Among the advantages of the invention is the unique manner of assembly by simply snapping the covers together so that the pawls automatically enter the recesses. Similarly, during this assembly the nut plate has its nut automatically aligned with the holes in the end walls for alignment with the corresponding holes in the mounting bracket. Where the enclosure is used separately from the cabinet it is not necessary to include the mounting bracket.
An advantage of the invention is that the various components can be molded to the covers thus simplifying manufacturing and lowering costs. The use of hollow posts 38 with screws 36 is optional and would be included where extra rigidity is desired.
As can be appreciated enclosure 20 is thus made of components which can be readily and effectively assembled together and similarly can be easily disassembled when desired.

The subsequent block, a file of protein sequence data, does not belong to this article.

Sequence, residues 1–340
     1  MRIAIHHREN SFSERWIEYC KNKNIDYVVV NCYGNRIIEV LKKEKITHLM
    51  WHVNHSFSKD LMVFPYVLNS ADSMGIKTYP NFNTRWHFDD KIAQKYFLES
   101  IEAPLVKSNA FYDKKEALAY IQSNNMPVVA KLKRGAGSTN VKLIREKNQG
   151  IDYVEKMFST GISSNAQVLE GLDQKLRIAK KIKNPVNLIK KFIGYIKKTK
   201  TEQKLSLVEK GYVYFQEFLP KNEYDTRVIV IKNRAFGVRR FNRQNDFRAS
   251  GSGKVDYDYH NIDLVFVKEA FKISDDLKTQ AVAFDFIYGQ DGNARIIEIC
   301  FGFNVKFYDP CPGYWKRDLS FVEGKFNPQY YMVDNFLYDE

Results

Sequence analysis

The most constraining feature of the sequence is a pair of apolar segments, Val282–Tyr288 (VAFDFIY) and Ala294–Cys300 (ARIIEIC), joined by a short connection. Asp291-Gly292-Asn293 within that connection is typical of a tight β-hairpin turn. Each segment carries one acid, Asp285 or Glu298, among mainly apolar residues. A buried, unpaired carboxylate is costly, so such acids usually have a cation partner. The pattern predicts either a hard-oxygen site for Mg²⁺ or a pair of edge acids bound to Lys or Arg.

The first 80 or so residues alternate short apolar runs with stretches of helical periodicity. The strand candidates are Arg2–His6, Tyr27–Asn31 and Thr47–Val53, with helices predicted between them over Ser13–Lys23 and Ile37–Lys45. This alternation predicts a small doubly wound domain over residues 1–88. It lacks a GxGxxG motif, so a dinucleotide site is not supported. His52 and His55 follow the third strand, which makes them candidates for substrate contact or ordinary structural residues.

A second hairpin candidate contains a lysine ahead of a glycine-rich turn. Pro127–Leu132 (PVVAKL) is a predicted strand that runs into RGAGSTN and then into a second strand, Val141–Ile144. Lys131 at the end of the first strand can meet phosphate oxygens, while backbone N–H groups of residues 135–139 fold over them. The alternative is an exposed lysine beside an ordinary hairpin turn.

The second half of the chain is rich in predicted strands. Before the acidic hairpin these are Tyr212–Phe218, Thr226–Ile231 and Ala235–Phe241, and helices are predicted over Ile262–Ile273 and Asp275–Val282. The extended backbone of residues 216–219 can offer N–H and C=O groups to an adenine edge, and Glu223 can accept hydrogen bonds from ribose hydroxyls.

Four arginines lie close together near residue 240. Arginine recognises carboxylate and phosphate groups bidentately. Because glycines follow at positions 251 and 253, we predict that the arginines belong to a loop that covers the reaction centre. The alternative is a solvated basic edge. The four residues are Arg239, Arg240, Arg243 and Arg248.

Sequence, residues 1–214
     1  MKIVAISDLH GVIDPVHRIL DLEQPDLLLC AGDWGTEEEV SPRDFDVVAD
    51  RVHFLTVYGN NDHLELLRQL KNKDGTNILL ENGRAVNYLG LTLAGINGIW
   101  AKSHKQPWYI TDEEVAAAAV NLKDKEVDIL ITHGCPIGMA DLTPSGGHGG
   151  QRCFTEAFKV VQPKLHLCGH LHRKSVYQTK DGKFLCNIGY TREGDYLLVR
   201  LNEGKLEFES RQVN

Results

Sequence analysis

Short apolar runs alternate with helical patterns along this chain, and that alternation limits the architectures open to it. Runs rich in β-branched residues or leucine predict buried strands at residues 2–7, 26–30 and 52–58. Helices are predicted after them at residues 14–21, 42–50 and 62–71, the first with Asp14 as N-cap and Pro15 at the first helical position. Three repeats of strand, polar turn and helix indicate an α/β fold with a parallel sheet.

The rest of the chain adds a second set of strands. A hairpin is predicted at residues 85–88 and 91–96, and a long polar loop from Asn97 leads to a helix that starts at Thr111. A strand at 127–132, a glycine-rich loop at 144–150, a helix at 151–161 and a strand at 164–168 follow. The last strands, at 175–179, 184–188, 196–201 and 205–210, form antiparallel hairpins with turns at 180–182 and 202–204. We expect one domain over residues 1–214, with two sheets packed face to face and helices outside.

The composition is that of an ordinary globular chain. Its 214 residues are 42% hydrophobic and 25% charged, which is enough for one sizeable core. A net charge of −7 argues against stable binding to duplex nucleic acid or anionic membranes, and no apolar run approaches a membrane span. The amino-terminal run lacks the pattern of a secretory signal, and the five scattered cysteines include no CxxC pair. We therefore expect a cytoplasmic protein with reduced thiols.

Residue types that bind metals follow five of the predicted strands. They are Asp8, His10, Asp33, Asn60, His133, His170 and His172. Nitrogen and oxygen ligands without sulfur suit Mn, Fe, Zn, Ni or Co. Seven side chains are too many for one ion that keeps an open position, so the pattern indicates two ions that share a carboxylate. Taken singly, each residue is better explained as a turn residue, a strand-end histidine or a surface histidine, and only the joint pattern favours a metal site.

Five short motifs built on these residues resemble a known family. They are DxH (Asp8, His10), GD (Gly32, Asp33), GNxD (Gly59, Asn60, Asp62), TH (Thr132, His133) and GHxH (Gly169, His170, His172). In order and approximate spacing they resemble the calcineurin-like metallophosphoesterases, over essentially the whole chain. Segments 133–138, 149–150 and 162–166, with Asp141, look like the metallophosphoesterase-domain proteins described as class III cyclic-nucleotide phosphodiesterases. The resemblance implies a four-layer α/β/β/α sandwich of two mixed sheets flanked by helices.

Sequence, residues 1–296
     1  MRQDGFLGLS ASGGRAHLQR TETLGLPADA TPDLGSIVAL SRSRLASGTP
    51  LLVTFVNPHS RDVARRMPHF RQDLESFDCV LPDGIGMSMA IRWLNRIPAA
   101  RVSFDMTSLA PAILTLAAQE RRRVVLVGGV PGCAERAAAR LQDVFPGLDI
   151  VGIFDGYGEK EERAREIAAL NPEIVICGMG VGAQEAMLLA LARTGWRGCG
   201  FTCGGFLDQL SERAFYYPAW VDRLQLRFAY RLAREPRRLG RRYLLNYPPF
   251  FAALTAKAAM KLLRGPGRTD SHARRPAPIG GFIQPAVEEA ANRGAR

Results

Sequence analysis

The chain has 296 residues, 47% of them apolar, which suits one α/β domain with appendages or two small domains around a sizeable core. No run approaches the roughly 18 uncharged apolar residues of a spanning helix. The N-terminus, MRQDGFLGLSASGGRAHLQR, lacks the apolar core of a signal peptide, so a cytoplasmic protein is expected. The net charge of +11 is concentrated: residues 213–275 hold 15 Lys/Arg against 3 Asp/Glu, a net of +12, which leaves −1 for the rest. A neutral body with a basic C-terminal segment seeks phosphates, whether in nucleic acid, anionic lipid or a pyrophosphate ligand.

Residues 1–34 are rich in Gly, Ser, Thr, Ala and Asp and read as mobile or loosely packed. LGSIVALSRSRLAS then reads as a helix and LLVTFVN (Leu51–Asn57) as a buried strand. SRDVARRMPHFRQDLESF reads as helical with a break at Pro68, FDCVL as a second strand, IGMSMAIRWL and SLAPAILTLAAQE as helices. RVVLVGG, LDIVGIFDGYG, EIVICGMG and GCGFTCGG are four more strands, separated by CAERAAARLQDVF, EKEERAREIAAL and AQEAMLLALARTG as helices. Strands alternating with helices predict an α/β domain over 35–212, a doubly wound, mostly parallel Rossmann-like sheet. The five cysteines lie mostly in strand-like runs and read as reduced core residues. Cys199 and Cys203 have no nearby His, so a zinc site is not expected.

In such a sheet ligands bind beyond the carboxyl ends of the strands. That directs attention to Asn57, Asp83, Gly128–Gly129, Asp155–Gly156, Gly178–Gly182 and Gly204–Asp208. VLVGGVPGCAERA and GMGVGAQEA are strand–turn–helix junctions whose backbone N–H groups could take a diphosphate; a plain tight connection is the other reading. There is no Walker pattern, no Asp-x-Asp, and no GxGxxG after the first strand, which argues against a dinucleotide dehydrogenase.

It is to be understood that the invention can be practiced for various types of enclosures, including but not limited to enclosures for electronic components. Accordingly, the invention is not intended to be limited to relay rack enclosures.
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|U.S. Classification||312/223.2, 312/263, 211/26, 292/80, 220/786|
|Cooperative Classification||H05K7/1425, Y10T292/0894|
|Aug 9, 1999||AS||Assignment|
Owner name: LAFRANCE CORPORATION, PENNSYLVANIA
Free format text: ASSIGNMENT OF ASSIGNORS INTEREST;ASSIGNOR:PERONI, PETER A.;REEL/FRAME:010155/0288
Effective date: 19980429
|Apr 2, 2003||FPAY||Fee payment|
Year of fee payment: 4
|Apr 16, 2007||FPAY||Fee payment|
Year of fee payment: 8
|May 30, 2011||REMI||Maintenance fee reminder mailed|
|Oct 26, 2011||LAPS||Lapse for failure to pay maintenance fees|
|Dec 13, 2011||FP||Expired due to failure to pay maintenance fee|
Effective date: 20111026